More than 1.45 crore COVID-19 vaccine doses are still available with states and union territories and over 19,10,650 jabs are in the pipeline and will be received by them within the next three days, the Union Health Ministry said on Saturday.
The states and union territories have so far got over 31.17 crore vaccine doses through the free-of-cost channel of the central government and direct procurement.
Of these, the total consumption, including wastage, has been 29,71,80,733 doses, the ministry said.
"More than 1.45 crore (1,45,21,067) balance and unutilised Covid vaccine doses are still available with the states/UTs to be administered," the ministry said.
"Furthermore, more than 19,10,650 vaccine doses are in the pipeline and will be received by the states/UTs within the next 3 days," the ministry said.
Frequently Asked Questions
A vaccine works by mimicking a natural infection. A vaccine not only induces immune response to protect people from any future COVID-19 infection, but also helps quickly build herd immunity to put an end to the pandemic. Herd immunity occurs when a sufficient percentage of a population becomes immune to a disease, making the spread of disease from person to person unlikely. The good news is that SARS-CoV-2 virus has been fairly stable, which increases the viability of a vaccine.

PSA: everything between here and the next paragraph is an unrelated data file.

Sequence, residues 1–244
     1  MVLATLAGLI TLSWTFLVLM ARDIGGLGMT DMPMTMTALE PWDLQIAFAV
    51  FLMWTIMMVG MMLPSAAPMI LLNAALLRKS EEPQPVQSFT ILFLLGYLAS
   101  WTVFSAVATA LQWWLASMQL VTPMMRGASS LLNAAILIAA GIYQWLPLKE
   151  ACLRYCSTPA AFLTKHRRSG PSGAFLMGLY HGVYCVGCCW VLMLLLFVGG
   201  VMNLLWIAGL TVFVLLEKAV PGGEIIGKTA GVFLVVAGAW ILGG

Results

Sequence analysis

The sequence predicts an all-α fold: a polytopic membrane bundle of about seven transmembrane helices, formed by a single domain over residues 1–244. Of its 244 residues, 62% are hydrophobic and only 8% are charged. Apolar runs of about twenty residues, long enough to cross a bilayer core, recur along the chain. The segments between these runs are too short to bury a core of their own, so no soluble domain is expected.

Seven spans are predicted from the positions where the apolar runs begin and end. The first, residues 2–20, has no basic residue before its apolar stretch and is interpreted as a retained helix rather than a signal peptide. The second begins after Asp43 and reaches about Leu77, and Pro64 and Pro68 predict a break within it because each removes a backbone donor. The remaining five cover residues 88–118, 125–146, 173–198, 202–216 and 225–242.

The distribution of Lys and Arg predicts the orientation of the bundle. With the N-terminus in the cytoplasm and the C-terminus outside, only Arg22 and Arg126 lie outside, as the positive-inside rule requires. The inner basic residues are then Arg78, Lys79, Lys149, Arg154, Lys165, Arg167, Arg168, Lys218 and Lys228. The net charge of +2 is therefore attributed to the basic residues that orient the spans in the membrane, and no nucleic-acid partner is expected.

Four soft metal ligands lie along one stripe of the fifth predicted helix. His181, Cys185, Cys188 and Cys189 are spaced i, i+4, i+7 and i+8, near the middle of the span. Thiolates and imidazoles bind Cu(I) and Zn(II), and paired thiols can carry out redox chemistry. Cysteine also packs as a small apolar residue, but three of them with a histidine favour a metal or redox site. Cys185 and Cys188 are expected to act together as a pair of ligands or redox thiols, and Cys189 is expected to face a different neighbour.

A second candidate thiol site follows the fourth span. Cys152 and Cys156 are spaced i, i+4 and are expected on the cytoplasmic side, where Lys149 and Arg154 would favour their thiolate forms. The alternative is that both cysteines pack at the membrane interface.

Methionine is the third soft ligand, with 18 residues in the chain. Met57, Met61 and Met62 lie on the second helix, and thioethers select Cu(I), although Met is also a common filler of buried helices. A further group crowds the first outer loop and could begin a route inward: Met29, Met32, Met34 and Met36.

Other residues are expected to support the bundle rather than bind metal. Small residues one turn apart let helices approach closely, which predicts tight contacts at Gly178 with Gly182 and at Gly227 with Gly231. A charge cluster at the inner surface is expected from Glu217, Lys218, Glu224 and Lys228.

There are broadly four types of vaccine — one, a vaccine based on the whole virus (this could be either inactivated, or an attenuated [weakened] virus vaccine); two, a non-replicating viral vector vaccine that uses a benign virus as vector that carries the antigen of SARS-CoV; three, nucleic-acid vaccines that have genetic material like DNA and RNA of antigens like spike protein given to a person, helping human cells decode genetic material and produce the vaccine; and four, protein subunit vaccine wherein the recombinant proteins of SARS-COV-2 along with an adjuvant (booster) is given as a vaccine.
Vaccine development is a long, complex process. Unlike drugs that are given to people with a diseased, vaccines are given to healthy people and also vulnerable sections such as children, pregnant women and the elderly. So rigorous tests are compulsory. History says that the fastest time it took to develop a vaccine is five years, but it usually takes double or sometimes triple that time.